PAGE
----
Featured: LG drops Windows Phone in favour of Android

LG have announced that they are going to focus on developing their Android smartphone catalogue and that they have no immediate plans to increase their Windows Phone range. I would not say this is a particular shock, since LG started making WP7 phones in 2009 the OS has failed to really take off. According to Lee Seung-yeon, of Microsoft Korea, WP7 smartphones account for about 2% of global market.  LG were once the third largest phone manufacturer in the world, however time has taken its toll and they have lost money in seven consecutive quarters since 2009, finally returning to a profit in Q1 2012. However sales figures are still falling and the increased revenue was only achieved thanks to increased profit margins on handsets.

An LG spokesman stated that "The total unit of Windows Phone sold in the global market is not a meaningful figure." However, he went on to say that LG will "continue research and development efforts". I suppose this means that although they are not planning on making any more Windows Phones, they would rather not rule it out completely. LG did not seem too pleased concerning the Nokia-Microsoft deal in 2011; this could be an after effect of the deal. However, with falling sales and pressure from HTC and Samsung too, the need to make quality phones is bigger than ever.

When LG started making Windows Phones they had some interesting ideas and the LG Quantum is still one of the few WP7 phones with a physical keyboard. However the other phones do leave you feeling like LG weren't truly behind WP7. They seem to have put a lot more thought and money into the Android market, especially with the LG Optimus 3D.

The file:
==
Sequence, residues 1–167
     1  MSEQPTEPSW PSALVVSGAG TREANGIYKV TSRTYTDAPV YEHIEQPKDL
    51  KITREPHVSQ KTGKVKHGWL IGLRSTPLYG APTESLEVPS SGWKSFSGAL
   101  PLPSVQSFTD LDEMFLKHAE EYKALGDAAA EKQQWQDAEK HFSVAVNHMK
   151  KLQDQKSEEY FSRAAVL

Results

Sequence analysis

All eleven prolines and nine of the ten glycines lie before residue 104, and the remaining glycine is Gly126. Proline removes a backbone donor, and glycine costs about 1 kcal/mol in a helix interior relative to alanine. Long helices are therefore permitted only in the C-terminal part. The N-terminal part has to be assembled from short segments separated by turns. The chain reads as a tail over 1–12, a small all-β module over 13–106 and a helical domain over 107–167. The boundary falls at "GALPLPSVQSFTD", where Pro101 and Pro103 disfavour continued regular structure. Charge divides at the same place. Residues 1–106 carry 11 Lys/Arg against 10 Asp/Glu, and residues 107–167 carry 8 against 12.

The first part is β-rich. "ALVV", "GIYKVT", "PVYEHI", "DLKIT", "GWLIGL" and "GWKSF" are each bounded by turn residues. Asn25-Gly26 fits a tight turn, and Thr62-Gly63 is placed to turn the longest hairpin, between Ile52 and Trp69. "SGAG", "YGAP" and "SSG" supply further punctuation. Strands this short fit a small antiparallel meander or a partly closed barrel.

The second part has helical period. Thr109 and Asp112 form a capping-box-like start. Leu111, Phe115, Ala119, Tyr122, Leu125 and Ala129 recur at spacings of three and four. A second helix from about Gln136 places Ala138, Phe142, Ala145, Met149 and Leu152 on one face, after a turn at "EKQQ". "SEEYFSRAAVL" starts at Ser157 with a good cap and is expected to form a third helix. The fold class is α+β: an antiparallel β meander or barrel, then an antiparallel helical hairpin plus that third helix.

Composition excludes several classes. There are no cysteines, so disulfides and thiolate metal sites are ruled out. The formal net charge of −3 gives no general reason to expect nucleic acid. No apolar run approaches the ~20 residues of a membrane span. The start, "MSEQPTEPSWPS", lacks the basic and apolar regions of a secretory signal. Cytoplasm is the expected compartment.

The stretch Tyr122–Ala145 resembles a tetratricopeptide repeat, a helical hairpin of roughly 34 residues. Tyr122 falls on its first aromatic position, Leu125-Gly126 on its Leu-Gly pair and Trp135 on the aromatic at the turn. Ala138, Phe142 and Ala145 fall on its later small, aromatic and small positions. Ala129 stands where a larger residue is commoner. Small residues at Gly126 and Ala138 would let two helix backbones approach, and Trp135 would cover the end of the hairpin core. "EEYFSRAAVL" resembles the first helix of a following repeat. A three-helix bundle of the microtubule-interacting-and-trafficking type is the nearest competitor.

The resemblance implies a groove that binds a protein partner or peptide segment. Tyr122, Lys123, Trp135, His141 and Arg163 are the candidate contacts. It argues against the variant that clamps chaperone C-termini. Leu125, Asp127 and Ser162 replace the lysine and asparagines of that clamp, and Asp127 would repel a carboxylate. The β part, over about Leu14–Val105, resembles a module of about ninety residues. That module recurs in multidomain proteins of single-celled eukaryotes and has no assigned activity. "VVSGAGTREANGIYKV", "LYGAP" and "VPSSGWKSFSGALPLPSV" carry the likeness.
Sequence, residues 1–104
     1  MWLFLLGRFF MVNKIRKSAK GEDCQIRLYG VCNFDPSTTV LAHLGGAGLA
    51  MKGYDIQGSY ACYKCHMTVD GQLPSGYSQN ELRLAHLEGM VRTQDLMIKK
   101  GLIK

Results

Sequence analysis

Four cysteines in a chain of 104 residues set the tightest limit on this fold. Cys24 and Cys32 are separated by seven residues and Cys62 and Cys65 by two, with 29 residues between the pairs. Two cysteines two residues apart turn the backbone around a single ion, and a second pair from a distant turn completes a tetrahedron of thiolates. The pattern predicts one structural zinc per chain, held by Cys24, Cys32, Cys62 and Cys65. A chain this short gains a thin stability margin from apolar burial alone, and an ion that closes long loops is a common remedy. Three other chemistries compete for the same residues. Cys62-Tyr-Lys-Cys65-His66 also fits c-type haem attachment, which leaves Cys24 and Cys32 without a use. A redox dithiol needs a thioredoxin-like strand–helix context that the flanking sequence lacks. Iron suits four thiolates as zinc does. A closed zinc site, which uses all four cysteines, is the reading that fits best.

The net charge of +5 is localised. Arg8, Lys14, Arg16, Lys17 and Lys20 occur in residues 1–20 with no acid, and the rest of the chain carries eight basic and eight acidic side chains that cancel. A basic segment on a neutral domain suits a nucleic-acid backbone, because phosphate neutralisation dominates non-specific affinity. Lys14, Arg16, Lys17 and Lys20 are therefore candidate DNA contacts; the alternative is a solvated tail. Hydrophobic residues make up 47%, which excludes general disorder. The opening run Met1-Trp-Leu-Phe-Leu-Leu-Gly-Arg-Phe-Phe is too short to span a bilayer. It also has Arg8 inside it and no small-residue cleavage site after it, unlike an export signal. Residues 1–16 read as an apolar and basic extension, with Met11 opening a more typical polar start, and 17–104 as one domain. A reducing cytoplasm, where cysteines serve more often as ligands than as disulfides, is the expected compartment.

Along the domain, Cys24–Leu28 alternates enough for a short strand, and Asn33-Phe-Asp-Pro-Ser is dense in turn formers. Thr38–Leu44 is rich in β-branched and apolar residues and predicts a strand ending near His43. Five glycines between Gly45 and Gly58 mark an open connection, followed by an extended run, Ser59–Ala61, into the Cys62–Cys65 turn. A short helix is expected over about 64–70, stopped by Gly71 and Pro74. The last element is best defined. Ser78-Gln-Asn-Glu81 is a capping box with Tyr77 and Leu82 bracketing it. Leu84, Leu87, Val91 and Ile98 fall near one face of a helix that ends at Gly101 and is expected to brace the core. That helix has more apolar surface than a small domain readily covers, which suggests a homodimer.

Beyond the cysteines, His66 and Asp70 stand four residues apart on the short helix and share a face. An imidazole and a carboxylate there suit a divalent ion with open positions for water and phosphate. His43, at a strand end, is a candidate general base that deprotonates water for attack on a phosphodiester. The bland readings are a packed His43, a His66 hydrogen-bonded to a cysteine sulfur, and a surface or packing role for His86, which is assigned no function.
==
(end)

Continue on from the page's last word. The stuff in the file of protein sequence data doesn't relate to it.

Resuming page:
Balmer is visiting Seoul in late May to deliver a speech on the "new era of technology". LG deny that they knew about the trip and both deny that a meeting has already been scheduled between them. I think that Balmer may be quite keen to schedule a meeting between them while he is there.

It could be argued that this move is too little too late and LG are in a similar situation to Nokia. The amount that they have lost over the last 9 quarters is incredible, only something drastic can save them. However I'm not sure that this is drastic enough, I think their fate is almost inevitable and we could be seeing a phone manufacturer struggle and die. On the other hand it could be just enough to keep them afloat, and if not I'm fairly certain that one of the successful companies will help them out. If you could choose between LG and Nokia to buy out I believe that the majority would try and save Nokia rather than LG. Although, I may be wrong.


Source[Cho Ji-hyun - Korea Herald]

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I have been using Android since Eclair and grown to love the OS. An avid follower of everything to do with Android I must have the latest OS, whether custom or stock. I am currently studying Computer Science and Artificial Intelligence in the UK.